When Proba-V met Vega
The Proba-V satellite and its two fellow passengers inside their shared protective fairing are carefully lowered onto the upper stage of their Vega launcher.
The addition of this ‘upper composite’ occurred on 20 April, at the top of the mobile tower used for assembling Vega rockets.
Proba-V sits atop the Vespa secondary payload adapter that holds Vietnam’s VNREDSat-1 Earth observation satellite and the ESTCube-1 Estonian student nanosatellite inside, all enclosed within the fairing.
The composite had been moved to the Vega launch pad the previous night, then carefully hoisted up to the top level.
Once the rocket was completed in this way, the tower was retracted from the pad to allow a full checkout to proceed, preparing for a launch scheduled for 02:06:31 GMT on 4 May (04:06:31 CEST 4 May; 23:06:31 local time 3 May).
Proba-V will be the first of the three satellites released from the upper stage. Occupying less than a cubic metre, it is a miniaturised ESA satellite tasked with a full-scale mission: to map land cover and vegetation across the entire planet every two days.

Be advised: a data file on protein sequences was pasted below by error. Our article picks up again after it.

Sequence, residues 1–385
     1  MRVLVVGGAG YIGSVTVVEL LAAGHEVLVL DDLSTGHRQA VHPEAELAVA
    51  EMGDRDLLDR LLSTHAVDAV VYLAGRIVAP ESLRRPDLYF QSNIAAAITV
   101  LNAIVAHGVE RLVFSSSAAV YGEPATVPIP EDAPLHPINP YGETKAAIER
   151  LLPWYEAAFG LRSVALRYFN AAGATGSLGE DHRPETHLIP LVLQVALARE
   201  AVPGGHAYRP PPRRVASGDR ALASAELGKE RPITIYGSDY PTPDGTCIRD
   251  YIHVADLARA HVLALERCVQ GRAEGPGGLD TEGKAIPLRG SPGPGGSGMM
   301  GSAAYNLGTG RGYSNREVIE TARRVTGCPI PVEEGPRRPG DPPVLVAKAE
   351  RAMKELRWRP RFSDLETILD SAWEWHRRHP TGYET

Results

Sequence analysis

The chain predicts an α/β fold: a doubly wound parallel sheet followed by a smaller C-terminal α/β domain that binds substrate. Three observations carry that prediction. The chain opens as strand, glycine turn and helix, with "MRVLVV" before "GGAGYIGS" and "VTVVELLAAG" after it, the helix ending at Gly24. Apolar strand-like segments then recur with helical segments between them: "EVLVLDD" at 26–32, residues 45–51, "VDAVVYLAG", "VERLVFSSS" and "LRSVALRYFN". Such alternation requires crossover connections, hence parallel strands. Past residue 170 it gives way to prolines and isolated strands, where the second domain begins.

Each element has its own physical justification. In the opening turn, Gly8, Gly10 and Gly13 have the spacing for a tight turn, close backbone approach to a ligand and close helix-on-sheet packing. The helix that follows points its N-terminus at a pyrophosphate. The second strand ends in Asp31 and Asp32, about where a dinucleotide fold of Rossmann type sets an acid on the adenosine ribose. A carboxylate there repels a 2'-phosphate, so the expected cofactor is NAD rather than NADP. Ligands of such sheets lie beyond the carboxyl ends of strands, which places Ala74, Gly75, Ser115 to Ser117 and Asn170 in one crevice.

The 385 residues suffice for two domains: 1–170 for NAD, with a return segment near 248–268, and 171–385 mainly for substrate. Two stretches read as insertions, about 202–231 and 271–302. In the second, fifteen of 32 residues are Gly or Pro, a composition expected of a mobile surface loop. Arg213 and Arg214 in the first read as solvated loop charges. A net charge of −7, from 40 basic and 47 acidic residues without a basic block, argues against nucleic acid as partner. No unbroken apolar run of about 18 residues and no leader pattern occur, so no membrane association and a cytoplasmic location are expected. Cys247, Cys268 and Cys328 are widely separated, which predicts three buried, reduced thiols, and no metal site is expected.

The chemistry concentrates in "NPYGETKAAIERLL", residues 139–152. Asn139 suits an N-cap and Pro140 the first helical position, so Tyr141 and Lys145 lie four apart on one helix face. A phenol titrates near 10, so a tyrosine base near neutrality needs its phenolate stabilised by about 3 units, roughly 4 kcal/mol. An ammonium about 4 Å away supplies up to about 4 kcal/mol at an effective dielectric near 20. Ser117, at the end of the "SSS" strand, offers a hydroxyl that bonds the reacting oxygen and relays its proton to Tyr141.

This new, advanced version of the Vegetation imager is the latest in a series already in service on France’s full-sized Spot-4 and Spot-5 satellites, which have been observing Earth since 1998.
The minisatellite will provide data to the imager’s worldwide user community of scientists and service providers as soon as it is commissioned in orbit.
This second flight marks the start of the Vega Research and Technology Accompaniment programme, or VERTA, to demonstrate the flexibility and versatility of the vehicle. At a planned minimum of two launches per year, the programme will allow the smooth transition of Vega into commercial exploitation.